The government, on the back of improved rake availability, has achieved the feat of optimum coal supply at power units after a gap of 600 days. It recently declared no power units in India had critical coal stocks (of less than seven days).
Coal India will fetch the Centre around Rs 19,000 crore on account of dividends paid and shares sold through various modes by the end of 2018-19 — almost double that of last year.
Coal India’s standing with investors as a ‘dividend play’ could take a beating after the near-monopoly government miner declared interim dividends that fell below Street expectations.
The adverse impact from coal-fired power plants on public health is the highest in India globally, found a recent study. And while campaigns continue to highlight the ills of coal mines and thermal power plants, the Indian government is giving a boost to the coal sector.
Despite being a monopoly player, Coal India’s profits have been falling due to the ever-increasing labour expenses, supply-chain delays as well as spiralling operational costs arising out of the company’s rehabilitation policy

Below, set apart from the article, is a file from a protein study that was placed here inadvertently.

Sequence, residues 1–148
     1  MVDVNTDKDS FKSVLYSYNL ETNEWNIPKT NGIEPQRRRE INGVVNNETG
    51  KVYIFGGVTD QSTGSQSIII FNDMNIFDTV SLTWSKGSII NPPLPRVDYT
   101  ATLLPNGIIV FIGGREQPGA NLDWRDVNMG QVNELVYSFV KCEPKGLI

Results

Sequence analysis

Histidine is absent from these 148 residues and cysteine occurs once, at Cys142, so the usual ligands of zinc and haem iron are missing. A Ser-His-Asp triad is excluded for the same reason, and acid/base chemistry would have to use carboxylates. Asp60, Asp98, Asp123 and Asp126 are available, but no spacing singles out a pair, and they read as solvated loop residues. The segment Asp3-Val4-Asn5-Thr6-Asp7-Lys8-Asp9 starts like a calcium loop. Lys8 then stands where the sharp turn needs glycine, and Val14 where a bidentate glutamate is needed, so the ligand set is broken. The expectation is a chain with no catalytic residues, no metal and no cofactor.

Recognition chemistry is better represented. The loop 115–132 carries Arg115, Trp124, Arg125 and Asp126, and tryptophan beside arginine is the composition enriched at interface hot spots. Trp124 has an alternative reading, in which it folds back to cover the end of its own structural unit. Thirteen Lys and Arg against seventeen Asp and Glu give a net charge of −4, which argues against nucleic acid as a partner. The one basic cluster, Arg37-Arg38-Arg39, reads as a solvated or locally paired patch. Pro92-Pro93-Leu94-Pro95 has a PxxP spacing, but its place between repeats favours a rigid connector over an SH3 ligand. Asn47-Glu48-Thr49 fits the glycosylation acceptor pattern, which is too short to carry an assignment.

The production target for Coal India (CIL) was fixed at 610 million tonnes for the current fiscal. This target is likely to be missed as coal production during April-February was 527.70 mt.
After receiving more than Rs 11,500 crore from Coal India, the centre is further expected to receive around Rs. 2,600 crore more from this Maharatna company after the mining mammoth has decided to offer its second round of interim dividend at Rs. 5.85 per share.
Coal India will hold a third round of auctions for giving out longterm fuel supply contracts under Shakti B(ii) where participants of the first round would be eligible to bid. They are, however, barred from the second round which will be held soon, a government official clarified.
Coal India on Thursday declared second interim dividend for FY19 at Rs 5.85 per share. The date of payment of dividend is on and from March 29 this year, the state-run company said in a regulatory filing.
Coal imports by state government-run power producers were up 2.6-fold in the first 10 months of the current fiscal as domestic supply dwindled, but overseas purchases by private generators and central entities declined 2.5% during the period.